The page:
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Some celiacs cannot tolerate oatmeal!
6 Replies
January - May 22

When you are on a gluten free (or celiac) diet, the cereal grains you must avoid are wheat, barley, and rye and all products made from them. They contain a protein called GLIADIN which causes an inflammation in the small intestine.

There is controversy about whether celiacs can tolerate other kinds of cereal grains like quinoa and amaranth (which are more ancient grains). I have had trouble with quinoa.

There is ongoing controversy about oatmeal also. Oatmeal is often contaminated with wheat at the processing factory. Since going strictly gluten free, I have several times tried "gluten free" oatmeal - and every time it makes me very sick. It's been six weeks now, and I am still recovering from eating some "gluten free" oatmeal cookies - it affects my brain, my energy level, my skin and my immunity - and I feel rotten. I called the company to complain, but they insist their oats are gluten free. So I did a little research and came across this from celiac disease:

Gluten-Free Oatmeal May Not Agree With You If You Have Celiac Disease

To make things even more complicated, a small percentage of people with celiac disease and gluten sensitivity also react to AVENIN, the protein found in oats, which means they need to add oats to their list of prohibited grains.

It's not clear how many people with celiac disease also react to oats — some estimates are in the range of 10% to 15%, but research is ongoing. In addition, there's evidence that some types of oats are more toxic than others to people with celiac disease.

If you have celiac or gluten sensitivity, the only way for you to determine if you react to oatmeal is to try some (start with just a couple of spoonfuls) in its pure, gluten-free form — there is some anecdotal evidence that people who are more sensitive to gluten also react more frequently to oats, but there's no research to prove it (see more on sensitivity levels in my article How Much Gluten Can Make Me Sick?).

Therefore, if you're a diagnosed celiac, you should consult your physician first and then proceed very cautiously when adding gluten-free oatmeal to your diet. If your celiac disease symptoms return, stop eating the gluten-free oatmeal immediately."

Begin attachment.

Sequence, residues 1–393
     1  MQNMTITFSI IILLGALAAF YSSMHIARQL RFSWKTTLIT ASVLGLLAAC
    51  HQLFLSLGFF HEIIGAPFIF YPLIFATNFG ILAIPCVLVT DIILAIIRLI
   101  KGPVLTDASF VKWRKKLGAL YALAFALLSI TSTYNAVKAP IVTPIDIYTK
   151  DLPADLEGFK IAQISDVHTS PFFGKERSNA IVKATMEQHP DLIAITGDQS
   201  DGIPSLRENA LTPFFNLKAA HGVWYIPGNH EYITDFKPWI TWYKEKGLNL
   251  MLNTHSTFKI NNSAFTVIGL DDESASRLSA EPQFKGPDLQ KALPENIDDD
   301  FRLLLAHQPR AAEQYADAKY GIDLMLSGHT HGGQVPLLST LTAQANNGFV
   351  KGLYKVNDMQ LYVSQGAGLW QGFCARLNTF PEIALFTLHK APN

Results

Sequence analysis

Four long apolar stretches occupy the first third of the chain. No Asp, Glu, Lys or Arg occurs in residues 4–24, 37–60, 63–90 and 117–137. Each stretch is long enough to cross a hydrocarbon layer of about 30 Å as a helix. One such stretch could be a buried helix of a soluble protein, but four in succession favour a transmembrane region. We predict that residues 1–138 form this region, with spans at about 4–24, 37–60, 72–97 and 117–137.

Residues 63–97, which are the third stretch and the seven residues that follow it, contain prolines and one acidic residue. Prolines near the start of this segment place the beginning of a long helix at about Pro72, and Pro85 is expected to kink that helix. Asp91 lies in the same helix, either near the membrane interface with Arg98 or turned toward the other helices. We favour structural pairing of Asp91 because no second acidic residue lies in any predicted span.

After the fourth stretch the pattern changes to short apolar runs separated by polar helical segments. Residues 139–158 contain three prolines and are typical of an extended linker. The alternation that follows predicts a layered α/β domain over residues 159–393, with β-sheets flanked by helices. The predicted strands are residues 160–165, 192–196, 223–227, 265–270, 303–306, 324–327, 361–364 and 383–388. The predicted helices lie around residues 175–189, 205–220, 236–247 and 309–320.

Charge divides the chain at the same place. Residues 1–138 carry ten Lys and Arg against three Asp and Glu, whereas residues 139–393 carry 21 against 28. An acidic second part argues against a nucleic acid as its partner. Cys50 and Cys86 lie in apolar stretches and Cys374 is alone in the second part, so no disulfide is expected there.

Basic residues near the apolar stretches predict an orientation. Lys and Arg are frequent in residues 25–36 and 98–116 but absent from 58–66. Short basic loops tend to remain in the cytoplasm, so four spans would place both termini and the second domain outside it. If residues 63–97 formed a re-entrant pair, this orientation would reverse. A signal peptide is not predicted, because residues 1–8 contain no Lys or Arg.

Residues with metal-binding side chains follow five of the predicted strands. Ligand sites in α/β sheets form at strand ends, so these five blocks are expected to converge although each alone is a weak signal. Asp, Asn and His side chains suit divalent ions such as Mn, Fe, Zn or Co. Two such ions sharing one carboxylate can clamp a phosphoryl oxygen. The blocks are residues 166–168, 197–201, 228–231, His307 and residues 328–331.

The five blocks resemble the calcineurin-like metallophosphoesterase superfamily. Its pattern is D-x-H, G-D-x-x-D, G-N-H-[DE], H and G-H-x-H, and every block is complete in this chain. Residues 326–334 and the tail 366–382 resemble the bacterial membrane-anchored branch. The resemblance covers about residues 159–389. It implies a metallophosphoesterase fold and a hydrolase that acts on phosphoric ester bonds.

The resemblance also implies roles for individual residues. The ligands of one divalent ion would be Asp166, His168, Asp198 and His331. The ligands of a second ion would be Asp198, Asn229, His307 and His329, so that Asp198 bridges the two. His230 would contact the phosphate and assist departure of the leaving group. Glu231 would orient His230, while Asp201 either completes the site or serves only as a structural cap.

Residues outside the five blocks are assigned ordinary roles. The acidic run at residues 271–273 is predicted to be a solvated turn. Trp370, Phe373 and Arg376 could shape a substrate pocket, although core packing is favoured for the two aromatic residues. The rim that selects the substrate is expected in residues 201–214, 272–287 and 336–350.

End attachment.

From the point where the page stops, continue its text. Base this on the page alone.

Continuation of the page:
So if your "gluten free" diet hasn't been working for you, this could be one reason. I'm going to post another reason next. And, btw, remember if you can't eat it - you probably don't want it on your skin either - Aveeno products are made with oatmeal. AVENIN -- Aveeno.


kvc33 - May 22

I read in a book that oats are often grown next to wheat and that can cause cross contamination as well. As well, with food allergies it is usually the proteins in the food that we react to.


January - May 22

kvc - I've seen this too. They keep saying oats are gluten free, yet people still have bad reactions, so they are trying to figure out why. Maybe a percentage of us are allergic to oats as well as other grains. And I agree, cross-contamination is a huge problem! In the fields AND in the factories.

For example, "gluten free" Quaker Rice Cakes made me sick. When I called to complain, they said, oh well, they're probably contaminated at the factory, not our problem, the government doesn't really have a legal definition for "gluten free." ARE YOU KIDDING ME? Gluten free is a big market, so a lot of people are rushing to put "gluten free" on products that really aren't. Most of them still have a small amount of gluten in them, as I found out! Depends on which product you're talking about.

This stuff makes me really sick!! I can't go to the store and buy something that SAYS "GLUTEN FREE" and rely on that fact???? 1/8 of a teaspoon of flour can make a celiac pretty darn sick, and it takes about 3 months to recover.

Sorry - I'm dealing with a very bad gluten (or oatmeal) reaction that has been going on for over 6 weeks, and I'm MAD. I hurt, I'm cranky, and I'm furious that I can't buy packaged food that is safe for me to eat! I can't even believe the labels. The only thing I can do is buy all fresh produce and cook it myself, but lately I don't have the energy for that.


Jocelyn - May 22